Students, faculty adapt to online testing

Student says unproctored testing will not work due to problems with student integrity; exams have gotten harder to prevent cheating



Thomas Tripp, Carson College of Business senior associate dean for academic affairs, said WSU faculty members are getting training to get familiar with the online testing tools provided.


Following the transition to online classes, WSU students and instructors are experiencing unproctored exams online and alternative assignments to testing like projects or small quizzes. 

Joseph McReynolds, freshman chemical engineering major, said he has no problem with this transition but feels like it could be coordinated better with students.

“Most of my professors are still struggling to use the online tools but hopefully they are given better training to accustom to these changes,” McReynolds said. 

He said if this continues then unproctored testing will not work since there are a lot of problems with student integrity.

McReynolds said he feels his exams have gotten harder in order to combat students cheating during them. 

“Exams getting harder puts students who are working honestly at a disadvantage,” McReynolds said.

Shazad Ahmed, freshman marketing major, said his professors have chosen to shift to doing class projects instead of further testing.

Ahmed said his Math 103 class is transitioning into a final project instead of a final exam.

For his math project he had to work on specific math problems assigned by the professor and had to upload it on Crowdmark, which is an online grading platform, to be graded, he said.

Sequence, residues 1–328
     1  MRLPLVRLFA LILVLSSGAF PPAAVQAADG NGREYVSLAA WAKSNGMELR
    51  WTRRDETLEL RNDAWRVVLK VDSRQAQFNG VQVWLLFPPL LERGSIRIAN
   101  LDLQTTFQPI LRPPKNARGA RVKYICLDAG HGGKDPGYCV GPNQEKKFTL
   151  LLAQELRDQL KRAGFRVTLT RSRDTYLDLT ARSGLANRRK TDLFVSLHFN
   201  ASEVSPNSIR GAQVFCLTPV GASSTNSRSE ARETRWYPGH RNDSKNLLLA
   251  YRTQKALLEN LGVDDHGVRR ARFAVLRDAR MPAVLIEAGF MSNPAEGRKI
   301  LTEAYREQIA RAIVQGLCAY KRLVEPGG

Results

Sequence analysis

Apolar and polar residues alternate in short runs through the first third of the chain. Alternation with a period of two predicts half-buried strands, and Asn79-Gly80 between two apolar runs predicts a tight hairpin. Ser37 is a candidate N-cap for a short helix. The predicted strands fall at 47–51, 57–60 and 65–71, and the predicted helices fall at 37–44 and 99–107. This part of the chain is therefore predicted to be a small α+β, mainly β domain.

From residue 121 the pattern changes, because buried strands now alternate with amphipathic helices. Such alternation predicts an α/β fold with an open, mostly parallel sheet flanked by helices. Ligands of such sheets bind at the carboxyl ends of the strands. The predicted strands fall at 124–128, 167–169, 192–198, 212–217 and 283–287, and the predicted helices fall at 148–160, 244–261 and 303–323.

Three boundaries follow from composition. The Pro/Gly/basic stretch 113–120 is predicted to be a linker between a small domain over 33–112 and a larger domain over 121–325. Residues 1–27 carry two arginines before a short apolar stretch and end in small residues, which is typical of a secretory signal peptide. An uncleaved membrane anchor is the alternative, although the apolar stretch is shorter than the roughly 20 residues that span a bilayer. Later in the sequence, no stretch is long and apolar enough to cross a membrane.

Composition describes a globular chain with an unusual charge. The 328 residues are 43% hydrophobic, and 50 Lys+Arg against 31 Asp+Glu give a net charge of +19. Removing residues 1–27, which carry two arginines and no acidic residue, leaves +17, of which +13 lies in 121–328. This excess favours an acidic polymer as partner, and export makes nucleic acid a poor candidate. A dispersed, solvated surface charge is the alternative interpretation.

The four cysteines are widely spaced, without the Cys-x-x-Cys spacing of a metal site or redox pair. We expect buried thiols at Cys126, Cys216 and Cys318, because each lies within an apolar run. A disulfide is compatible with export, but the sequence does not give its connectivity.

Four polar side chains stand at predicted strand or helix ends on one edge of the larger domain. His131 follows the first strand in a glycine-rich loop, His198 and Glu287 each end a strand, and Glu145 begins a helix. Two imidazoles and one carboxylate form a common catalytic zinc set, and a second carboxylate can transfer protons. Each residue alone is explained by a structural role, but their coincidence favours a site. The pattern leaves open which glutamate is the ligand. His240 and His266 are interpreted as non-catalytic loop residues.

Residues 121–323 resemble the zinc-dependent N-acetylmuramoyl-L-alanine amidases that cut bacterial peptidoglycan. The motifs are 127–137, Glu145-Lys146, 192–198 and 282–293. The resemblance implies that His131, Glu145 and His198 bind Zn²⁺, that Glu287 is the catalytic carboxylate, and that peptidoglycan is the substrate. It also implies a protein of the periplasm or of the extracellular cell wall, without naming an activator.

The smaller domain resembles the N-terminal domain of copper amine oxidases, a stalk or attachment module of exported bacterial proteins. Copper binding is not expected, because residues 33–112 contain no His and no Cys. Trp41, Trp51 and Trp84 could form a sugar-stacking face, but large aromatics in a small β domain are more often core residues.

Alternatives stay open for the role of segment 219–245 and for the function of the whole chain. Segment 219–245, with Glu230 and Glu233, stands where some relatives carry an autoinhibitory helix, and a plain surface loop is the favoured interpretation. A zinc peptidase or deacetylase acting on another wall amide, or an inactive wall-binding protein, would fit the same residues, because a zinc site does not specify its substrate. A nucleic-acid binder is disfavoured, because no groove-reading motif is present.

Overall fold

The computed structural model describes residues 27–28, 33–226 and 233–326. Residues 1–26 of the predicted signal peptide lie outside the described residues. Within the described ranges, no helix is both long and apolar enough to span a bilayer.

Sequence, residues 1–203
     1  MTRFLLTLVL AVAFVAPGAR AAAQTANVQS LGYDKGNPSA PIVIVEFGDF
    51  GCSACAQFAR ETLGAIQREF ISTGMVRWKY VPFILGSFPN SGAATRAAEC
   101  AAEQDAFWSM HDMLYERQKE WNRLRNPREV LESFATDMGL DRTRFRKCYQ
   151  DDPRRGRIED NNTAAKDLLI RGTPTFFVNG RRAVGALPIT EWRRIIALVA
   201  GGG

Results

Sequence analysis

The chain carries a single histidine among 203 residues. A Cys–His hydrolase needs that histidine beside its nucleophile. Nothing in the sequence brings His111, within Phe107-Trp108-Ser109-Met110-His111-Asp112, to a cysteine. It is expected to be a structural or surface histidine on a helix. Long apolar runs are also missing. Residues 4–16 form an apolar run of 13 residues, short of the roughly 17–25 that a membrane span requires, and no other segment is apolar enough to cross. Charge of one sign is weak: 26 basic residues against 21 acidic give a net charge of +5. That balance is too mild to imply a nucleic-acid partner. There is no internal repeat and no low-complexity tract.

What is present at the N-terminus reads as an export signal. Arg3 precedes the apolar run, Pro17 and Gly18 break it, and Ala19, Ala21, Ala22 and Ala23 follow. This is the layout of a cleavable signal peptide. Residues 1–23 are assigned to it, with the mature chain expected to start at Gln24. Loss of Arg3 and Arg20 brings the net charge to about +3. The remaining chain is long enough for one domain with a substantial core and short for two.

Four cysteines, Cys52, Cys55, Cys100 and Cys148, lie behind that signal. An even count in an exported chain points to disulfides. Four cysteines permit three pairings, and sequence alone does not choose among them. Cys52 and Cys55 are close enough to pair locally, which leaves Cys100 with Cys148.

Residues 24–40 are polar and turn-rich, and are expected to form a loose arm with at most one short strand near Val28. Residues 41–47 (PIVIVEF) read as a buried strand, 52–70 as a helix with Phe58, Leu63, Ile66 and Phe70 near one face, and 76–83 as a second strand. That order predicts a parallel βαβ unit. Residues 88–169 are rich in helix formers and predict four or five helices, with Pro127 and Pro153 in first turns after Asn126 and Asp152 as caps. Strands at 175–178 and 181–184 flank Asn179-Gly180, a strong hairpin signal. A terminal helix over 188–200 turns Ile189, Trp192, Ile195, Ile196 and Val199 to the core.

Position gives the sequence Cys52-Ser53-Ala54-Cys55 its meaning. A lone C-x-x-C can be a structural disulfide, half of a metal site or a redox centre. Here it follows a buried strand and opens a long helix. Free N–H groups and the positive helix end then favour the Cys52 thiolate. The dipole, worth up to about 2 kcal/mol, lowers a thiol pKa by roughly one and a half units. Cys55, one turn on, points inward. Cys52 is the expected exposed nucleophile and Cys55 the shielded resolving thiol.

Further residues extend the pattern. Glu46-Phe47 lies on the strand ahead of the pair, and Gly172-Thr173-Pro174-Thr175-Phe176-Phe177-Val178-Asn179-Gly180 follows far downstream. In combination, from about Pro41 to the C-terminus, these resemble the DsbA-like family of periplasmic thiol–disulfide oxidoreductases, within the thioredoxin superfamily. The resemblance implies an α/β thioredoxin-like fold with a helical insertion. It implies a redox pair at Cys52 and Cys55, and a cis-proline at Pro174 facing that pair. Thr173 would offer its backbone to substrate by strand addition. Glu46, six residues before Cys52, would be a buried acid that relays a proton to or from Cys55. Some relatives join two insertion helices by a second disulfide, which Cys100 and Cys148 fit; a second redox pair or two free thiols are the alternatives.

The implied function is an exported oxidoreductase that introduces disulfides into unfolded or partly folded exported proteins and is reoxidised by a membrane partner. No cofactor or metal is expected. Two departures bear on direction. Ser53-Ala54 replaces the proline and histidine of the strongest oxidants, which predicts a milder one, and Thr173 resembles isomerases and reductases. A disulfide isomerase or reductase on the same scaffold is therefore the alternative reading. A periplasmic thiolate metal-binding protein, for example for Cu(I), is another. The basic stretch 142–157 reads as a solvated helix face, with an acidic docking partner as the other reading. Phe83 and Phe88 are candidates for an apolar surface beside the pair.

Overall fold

“I feel like doing projects instead of exams is a better way of evaluation during these unpredictable times,” Ahmed said.

Coral Thompson, sophomore communication major, said exams should be proctored with no cost to the students if classes continue online. 

She said her economics midterm exam was going to be proctored with no cost to the students in the class but was unproctored in the end due to it being more cost effective to the economics department. 

“If this situation continues then proctored exams should be conducted with better coordination from the university leadership and academic departments,” Thompson said.

Thomas Tripp, Carson College of Business senior associate dean for academic affairs, said the faculty are getting constant training and crash courses to get familiar with the online testing tools provided.

Tripp said most of the professors are choosing not to have tests and are discussing alternate assignments such as online quizzes or final projects. 

“Proctorio is an online proctored testing tool that has been discussed by the faculty to put it into effect eventually if this situation persists,” Tripp said.

Proctorio costs have been absorbed by the university this semester. However, Tripp said he cannot predict if the students will be charged eventually to take proctored tests.